The LH-Five is technically an all-season tire, but the performance isn’t something you’ll find too usable in winter conditions. It’s fine in cold weather, but it’s far from the best in snow. The most you’ll get out of it is some traction on shallow and unpacked snow. For packed or deep snow, the tire will struggle a lot.
Considering that we’re talking about a UHP tire, the refinement is solid. The LH-Five doesn’t produce a lot of noise, and the most you’ll hear from it is on the highway. Comfort levels are acceptable as well. This tire has some softness, but it’s aimed at performance driving, so people used to touring tires will find it harsh.
The LH-Five is a UHP tire, and the handling is UHP-like. On a twisty road, the tire will offer quite decent responsiveness, so it’s better than the other two in this regard. The feedback could use a bit of work, but it’s not terrible.
As far as the warranty is concerned, the LH-Five comes with a 30,000-mile treadwear warranty, which is almost on the same level as the premium models.
- Handles well
- Plenty of dry performance
- Solid refinement levels
- Barely usable on snow
- Traction on wet roads is average
You’d think the LH-Ten is Lionhart’s upgrade over the previous model, but you’d be wrong. This is an all-season UHP model, similar to the previous one, but it’s designed for CUVs, SUVs, and light trucks.
To deliver performance in winter conditions, the LH-Ten is made with an all-season rubber compound, so we should see some performance on snow. The V-shaped tread pattern should offer high-speed stability and excellent aquaplaning resistance. Since it’s a UHP tire, the shoulder blocks are wider, meaning the handling should match the UHP tag.
Like most of the affordable tires on the market, the LH-Ten doesn’t’ struggle with performance in dry conditions. It offers plenty of grip and traction, so you can push it a bit and have some fun. Unlike the previous model, the wet performance is a bit better. I still wouldn’t compare it with the premium tires, but there is a noticeable difference. It’s the same with aquaplaning resistance. The V-shaped pattern does a good job of evacuating water, keeping the tire stable even at higher speeds.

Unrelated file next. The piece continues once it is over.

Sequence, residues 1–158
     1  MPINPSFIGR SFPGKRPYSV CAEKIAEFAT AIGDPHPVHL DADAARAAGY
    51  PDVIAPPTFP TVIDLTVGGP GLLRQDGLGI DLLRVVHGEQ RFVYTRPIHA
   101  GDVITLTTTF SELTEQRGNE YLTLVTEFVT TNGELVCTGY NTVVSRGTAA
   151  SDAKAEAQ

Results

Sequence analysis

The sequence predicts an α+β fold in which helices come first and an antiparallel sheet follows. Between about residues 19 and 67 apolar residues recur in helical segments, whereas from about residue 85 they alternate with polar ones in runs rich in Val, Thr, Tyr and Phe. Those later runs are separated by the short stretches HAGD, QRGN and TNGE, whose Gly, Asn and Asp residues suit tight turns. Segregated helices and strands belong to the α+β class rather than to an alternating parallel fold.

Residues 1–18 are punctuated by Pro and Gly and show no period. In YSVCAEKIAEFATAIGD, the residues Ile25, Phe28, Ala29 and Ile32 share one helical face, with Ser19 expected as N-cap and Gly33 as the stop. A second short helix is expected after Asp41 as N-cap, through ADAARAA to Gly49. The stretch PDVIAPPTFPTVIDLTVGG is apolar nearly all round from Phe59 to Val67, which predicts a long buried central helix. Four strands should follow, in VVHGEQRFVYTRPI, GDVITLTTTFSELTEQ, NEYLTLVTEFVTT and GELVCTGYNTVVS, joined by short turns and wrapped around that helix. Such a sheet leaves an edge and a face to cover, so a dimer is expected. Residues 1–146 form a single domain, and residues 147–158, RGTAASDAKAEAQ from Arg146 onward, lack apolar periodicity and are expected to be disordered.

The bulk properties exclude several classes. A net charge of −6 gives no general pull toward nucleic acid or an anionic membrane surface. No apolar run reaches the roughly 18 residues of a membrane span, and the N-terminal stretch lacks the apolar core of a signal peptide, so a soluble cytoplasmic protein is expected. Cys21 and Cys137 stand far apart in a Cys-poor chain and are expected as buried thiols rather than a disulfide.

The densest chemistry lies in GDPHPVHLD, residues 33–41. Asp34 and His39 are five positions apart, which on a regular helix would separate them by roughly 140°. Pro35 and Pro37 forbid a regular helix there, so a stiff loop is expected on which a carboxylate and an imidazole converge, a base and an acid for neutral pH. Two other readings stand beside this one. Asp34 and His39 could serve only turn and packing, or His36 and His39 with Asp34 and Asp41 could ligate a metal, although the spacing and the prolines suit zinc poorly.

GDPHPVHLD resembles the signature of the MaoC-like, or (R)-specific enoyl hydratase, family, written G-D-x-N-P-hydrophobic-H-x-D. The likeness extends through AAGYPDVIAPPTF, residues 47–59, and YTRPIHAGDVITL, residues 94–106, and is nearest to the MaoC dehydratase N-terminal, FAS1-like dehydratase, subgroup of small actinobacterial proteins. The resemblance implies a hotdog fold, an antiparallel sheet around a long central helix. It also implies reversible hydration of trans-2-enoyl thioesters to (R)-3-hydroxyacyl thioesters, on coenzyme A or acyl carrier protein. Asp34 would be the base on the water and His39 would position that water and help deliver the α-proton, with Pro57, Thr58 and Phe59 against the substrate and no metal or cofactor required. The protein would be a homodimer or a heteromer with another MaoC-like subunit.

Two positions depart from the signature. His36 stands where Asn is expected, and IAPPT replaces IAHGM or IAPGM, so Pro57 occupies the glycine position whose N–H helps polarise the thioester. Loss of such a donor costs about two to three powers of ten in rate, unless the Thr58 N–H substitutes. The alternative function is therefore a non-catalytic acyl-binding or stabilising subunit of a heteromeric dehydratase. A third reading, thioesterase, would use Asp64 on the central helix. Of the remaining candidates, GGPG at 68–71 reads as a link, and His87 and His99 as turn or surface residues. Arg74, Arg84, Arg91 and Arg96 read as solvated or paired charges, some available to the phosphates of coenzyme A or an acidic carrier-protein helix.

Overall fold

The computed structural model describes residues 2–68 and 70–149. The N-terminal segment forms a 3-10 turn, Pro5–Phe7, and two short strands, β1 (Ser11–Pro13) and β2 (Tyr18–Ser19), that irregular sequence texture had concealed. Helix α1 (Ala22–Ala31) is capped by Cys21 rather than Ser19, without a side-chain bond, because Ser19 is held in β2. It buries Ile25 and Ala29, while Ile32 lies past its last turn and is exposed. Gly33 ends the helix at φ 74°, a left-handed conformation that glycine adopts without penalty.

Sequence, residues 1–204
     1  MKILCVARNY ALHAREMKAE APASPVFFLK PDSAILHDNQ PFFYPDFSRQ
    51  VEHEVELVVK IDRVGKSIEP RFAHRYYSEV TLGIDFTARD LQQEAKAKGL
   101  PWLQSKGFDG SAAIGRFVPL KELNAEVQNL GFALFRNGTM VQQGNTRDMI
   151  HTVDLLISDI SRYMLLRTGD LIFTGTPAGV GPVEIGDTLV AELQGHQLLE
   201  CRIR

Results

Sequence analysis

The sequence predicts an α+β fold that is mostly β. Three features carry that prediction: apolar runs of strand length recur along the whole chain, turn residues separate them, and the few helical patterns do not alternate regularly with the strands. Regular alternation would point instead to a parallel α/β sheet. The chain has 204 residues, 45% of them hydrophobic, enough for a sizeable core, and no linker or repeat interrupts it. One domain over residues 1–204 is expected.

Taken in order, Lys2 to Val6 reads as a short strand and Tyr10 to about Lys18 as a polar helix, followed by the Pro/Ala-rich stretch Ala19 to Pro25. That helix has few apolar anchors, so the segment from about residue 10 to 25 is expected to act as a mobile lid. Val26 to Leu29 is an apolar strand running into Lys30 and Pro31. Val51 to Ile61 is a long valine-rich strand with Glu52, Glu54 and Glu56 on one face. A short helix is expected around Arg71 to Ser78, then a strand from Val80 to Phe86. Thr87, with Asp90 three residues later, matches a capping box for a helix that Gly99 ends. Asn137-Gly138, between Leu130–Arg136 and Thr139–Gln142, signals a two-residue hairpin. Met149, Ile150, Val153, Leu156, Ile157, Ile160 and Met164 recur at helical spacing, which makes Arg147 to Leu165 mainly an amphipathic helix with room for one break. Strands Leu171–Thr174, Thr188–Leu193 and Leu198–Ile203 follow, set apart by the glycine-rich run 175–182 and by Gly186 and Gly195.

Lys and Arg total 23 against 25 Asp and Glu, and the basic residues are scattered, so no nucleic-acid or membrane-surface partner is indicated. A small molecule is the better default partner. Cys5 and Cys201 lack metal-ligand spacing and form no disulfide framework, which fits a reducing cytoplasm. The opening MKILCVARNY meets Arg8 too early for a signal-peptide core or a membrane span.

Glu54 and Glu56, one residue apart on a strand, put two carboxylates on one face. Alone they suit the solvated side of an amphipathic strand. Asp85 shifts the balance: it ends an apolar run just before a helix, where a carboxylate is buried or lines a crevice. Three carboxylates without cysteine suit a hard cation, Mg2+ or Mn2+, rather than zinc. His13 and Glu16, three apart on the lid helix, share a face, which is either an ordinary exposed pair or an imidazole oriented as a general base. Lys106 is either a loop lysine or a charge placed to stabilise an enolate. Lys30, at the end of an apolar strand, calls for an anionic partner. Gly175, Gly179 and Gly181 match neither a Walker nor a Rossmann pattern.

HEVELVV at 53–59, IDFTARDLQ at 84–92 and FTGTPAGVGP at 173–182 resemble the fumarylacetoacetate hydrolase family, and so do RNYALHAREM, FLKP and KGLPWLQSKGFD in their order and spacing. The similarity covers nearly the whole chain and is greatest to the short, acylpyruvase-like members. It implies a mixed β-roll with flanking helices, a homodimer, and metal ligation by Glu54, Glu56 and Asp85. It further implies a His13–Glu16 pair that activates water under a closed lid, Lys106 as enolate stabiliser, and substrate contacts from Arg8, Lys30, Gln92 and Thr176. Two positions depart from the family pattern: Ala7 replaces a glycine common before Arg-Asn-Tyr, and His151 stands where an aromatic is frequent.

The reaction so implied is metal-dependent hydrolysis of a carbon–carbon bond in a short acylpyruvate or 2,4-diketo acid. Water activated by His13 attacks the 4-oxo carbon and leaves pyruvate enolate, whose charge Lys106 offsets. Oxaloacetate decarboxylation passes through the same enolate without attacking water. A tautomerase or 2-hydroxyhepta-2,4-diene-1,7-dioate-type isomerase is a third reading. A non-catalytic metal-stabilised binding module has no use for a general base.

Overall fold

Winter performance is decent-ish. You have solid traction on unpacked snow, and the tire doesn’t do a poor job on packed one. Like with any all-season tire, going for harsher conditions means that the tire will struggle a lot more.
When it comes to refinement, you shouldn’t have high expectations, mainly because the LH-Ten is a UHP tire. The comfort levels aren’t too bad, and the tire deals with bumps acceptably well. There is some harshness to it, but it’s not terrible. The noise levels, on the other hand, could use a bit of work. It’s not obnoxiously loud, but it’s louder than some of the other Lionhart tires.
There is some softness to the tire that gives it an acceptably smooth ride. Unfortunately, that affects the handling, and the LH-Ten is a bit disappointing. Don’t get me wrong, it’s responsive, but the sidewall has a bit more flex than I’d want. Also, the feedback you’ll get through the steering wheel is average.
Like the previous model, the LH-Ten comes with a 30,000-mile tread wear warranty, which is good for a cheap UHP tire.
- Plenty of grip and traction on dry roads
- Wet performance is solid
- Struggles in deep snow